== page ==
NZ oil spill: Master charged

Posted: 10/12/2011 in all marine news

Maritime journal – 

The Master of the oil spill vessel Rena has been arrested and charged by Maritime New Zealand (MNZ) under section 65 of the Maritime Transport Act (MTA) 1994, “for operating a vessel in a manner causing unnecessary danger or risk”.

He has been remanded on bail until 19 October, on the condition he surrenders his passport.

The second officer in charge of the navigational watch of the vessel Rena is also due to appear before the courts on the same charge tomorrow (13 October).

The s65 charge carries a maximum penalty of $10,000, or a maximum term of imprisonment of 12 months.

This news comes as the scale of the disaster escalates.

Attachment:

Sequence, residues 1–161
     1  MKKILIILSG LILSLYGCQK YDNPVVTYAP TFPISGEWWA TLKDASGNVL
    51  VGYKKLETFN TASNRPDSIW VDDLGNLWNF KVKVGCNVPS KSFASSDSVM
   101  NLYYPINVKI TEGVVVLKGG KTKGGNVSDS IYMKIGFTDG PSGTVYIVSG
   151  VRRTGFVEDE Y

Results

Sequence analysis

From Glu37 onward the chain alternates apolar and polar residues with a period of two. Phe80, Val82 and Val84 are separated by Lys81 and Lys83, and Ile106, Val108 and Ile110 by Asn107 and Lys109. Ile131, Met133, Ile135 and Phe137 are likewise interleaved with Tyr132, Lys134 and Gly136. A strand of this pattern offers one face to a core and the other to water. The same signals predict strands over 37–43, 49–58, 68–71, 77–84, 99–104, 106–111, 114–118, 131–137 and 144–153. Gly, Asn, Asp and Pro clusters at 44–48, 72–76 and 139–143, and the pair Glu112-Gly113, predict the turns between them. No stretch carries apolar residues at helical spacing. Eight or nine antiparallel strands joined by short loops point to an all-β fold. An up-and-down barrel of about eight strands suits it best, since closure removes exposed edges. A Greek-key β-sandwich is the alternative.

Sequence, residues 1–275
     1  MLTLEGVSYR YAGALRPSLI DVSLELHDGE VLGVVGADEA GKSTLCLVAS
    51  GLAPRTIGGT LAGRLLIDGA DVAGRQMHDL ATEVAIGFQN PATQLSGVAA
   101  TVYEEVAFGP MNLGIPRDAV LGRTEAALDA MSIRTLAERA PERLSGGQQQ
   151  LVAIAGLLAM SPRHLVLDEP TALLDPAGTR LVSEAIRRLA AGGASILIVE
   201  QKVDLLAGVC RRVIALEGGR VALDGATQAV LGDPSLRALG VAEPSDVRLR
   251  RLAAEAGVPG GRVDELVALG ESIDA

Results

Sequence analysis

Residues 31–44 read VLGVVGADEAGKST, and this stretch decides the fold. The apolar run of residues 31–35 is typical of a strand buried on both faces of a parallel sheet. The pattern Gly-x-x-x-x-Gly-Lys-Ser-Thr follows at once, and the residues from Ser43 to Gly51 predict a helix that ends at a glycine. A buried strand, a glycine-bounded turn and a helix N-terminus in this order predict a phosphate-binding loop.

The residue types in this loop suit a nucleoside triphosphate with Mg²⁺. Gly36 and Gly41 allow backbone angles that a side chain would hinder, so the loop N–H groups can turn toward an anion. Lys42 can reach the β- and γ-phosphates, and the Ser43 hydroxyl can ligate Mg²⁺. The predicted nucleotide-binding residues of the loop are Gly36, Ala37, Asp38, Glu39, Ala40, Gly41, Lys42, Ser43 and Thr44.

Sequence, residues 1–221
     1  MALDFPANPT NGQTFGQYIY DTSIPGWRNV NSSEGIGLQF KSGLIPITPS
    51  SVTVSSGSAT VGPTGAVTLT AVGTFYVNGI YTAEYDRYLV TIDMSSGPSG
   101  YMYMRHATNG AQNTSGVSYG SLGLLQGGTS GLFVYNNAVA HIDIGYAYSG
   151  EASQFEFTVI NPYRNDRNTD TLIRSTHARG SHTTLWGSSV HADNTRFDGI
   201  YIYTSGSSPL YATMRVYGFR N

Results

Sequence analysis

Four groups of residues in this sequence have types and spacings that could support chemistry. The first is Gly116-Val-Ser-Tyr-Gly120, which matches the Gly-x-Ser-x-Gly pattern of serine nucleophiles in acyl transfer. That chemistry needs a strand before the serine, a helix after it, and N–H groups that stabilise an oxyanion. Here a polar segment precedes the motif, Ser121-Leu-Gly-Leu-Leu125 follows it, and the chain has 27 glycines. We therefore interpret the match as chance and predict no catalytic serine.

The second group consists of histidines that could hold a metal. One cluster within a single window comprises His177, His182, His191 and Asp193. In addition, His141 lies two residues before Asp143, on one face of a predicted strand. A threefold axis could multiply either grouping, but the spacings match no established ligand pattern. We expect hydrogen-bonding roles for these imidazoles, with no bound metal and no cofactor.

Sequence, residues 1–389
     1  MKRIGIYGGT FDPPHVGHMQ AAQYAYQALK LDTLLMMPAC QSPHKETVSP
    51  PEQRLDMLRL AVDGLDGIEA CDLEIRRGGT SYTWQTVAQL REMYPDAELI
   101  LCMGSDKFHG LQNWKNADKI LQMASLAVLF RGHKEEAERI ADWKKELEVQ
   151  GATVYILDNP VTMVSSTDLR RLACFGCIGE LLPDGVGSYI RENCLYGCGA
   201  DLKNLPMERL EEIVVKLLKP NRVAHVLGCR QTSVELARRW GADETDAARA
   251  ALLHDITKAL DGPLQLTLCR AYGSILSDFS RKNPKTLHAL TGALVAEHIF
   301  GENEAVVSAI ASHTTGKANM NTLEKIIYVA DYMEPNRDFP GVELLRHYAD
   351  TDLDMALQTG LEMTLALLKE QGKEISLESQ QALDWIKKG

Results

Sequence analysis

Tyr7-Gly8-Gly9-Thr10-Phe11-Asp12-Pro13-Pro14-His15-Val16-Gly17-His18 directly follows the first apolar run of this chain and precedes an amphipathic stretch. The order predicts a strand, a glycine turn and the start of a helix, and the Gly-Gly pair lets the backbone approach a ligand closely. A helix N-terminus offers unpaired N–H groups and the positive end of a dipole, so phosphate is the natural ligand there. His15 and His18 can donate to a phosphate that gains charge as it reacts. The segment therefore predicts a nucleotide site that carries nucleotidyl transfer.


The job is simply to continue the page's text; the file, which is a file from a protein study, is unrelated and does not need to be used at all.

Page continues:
The vessel ran aground off the Tauranga coast in New Zealand last week. It has since suffered substantial structural damage caused by the movement of the vessel as the stern, which is still afloat, shifts with the waves, while the front part of the ship remains stuck on a reef.

There is a concern that this may cause the vessel to break up. The salvors have three tugs mobilised charged with either holding the stern on the reef while further effort is made to remove the oil, or to tow the stern to shallow water where they will remove the oil.

Maritime New Zealand (MNZ) estimate that the amount of oil escaped so far has been between 200 and 300 tonnes. Pumping operations have commenced this week to try to empty the ship of oil but has been sporadic due to bad weather conditions.

Two water recovery vessels have been mobilised and are ready to intercept any oil which may migrate into the northern end of Papamoa. There is also a boom in place at Maketu.

Full story…


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